Jessie Darker goes to high school during the day, but at night she helps with the family investigation business. Cheating husbands and stolen inheritances? They’re your girls—but their specialty is a bit darker. Zombie in your garage? Pesky Poltergeist living in your pool? They’ll have the problem solved in a magical minute. For a nominal fee, of course...
When gorgeous new client, Lukas Scott, saunters into the office requesting their help to find a stolen box, it sounds like a simple case—until the truth comes out. The box is full of Sin.
Seven deadly ones, in fact.
They’ve got five days to recapture the Sins before they're recalled by the box, taking seven hijacked human bodies with them. Easy peasy—except for one thing...
There’s a spell that will allow the Sins to remain free, causing chaos forever. When the key ingredient threatens the life of someone she knows, Jessie must make the ultimate choice between love and family—or lose everything.
“So not your biggest fan at the moment,” I said, closing the office door behind me. The runofffrom my jeans had soaked my sneakers pretty good. With each step, I gave a slight squishing noise accompanied by an annoying squeak against the old tile floor.
From across the room, Mom stared. “What happened to you?”
“It attacked me.” Tossing my bag on the couch, I sank into her chair and made sure to grind my butt into the cushion. Got it nice and wet. I was all about sharing the love—and right now, the love was soggy.
She laughed, waving a folder in my direction. “Surely you’re overreacting. It was one little zombie. They don’t attack people.”
“I’m serious, Ma. It tried to drown me. And the client assaulted me with ugly footwear. As far as punishments go, I’d say we’re probably square. I’ve learned my lesson.”
“You’re serious?” Amused expression now replaced by concern, she crossed the room and leaned over her desk to get a better look at me.
“As a coronary.” Once I was sure the chair had sponged up all it could, I stood and huffed past her. Pulling at my favorite T-shirt—the word Fate inside a blood red heart, is a four letter word on the back—I said, “Child welfare would not be happy to hear you tried to feed your only child to a walking corpse…”
“But why would it attack? Did you provoke it?” Folding her arms, she frowned. “Insult it, perhaps?”
I winked at her. “Provoke it? Sure. I went and wiggled my ass in front of it yelling lunch just to see what’d happen.” I’d called it Stinky, but that didn’t count as an insult. Something couldn’t be considered an insult if it was true, right?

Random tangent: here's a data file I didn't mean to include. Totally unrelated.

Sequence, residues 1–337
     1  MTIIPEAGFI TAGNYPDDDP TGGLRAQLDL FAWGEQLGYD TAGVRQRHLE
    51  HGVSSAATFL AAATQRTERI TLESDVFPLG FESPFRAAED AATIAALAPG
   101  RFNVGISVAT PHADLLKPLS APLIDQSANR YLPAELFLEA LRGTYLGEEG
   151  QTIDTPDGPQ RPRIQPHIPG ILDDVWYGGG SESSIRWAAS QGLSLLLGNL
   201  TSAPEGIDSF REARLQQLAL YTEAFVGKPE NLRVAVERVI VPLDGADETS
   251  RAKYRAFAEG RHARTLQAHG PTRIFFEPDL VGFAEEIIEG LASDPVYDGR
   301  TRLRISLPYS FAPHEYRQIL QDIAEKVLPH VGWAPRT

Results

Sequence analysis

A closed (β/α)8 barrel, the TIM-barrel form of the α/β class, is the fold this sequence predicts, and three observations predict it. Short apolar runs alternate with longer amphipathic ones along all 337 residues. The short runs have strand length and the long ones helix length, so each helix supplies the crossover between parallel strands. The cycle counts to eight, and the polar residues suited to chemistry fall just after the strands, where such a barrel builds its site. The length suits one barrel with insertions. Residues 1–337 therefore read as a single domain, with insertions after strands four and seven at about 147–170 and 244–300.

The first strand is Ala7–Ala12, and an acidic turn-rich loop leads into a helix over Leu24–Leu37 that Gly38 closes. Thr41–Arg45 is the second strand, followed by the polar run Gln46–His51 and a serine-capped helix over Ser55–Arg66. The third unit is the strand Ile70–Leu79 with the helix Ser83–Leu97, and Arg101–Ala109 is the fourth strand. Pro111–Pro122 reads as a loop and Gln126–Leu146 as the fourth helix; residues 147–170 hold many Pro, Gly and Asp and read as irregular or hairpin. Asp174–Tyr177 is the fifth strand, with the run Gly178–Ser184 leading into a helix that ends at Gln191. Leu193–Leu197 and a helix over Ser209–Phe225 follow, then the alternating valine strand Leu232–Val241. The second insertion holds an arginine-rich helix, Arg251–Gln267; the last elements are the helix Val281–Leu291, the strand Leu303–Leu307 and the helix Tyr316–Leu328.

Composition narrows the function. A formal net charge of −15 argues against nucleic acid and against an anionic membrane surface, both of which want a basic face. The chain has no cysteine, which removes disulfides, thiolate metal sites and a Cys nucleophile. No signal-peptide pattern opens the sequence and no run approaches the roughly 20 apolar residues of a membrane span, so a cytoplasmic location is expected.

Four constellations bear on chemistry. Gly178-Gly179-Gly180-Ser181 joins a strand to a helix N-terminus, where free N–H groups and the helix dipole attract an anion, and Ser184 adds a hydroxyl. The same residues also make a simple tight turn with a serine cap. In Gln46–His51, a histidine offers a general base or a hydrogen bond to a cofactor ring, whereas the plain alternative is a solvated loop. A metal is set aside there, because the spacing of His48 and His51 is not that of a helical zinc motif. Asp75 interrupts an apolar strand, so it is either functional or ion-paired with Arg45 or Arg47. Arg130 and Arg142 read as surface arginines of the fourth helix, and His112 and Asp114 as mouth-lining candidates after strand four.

Right eyebrow twitching, she fought against a smile. “But you’re okay, right? No bites, broken bones, head injuries, possessions…?”
I smiled and did a little twirl. “All in one piece and still me.”
Mom had a checklist she went through at the end of each job. I was known for taking almost as much damage as I inflicted.
“Oh, and you’re probably going to get a call from the client. I sorta smashed her fence in the process.”
Mom groaned. “I told you to be more careful.”
“It’s not like I tried to break anything.”
“Something tells me you didn’t try hard enough not to break anything, either.”
“In my defense, it wasn’t a simple trap and slap…”
“We can’t afford this.” She reached down and pulled a white envelope out from under a stack of papers. “This is the bill for that Mercedes you smashed.”
“Oh! So not my fault. How was I supposed to know that Spring Heel was gonna land on the car? If it makes you feel any better, I think he was aiming for my head…”
“If you keep this up, we won’t even be able to afford the rent.”
She was right, of course, and it made me feel horrible. “I’m sorry. I guess I’m a wrecking ball wrapped in blue jeans. Take my cut of this job and put it toward the repairs. Keep my paycheck for the next month, too.” A good start, but it didn’t feel like enough. Sure, it would cover the damages—I hoped—but I felt guilty about upsetting her. The bills that were piling up kept her awake at night. This was only going to make things worse. We got a fair amount of business, but the overhead in our line of work was sky high.As much as I hated the idea, I knew what would cheer her up. “I’ll even throw in pet possessions for the next month.”
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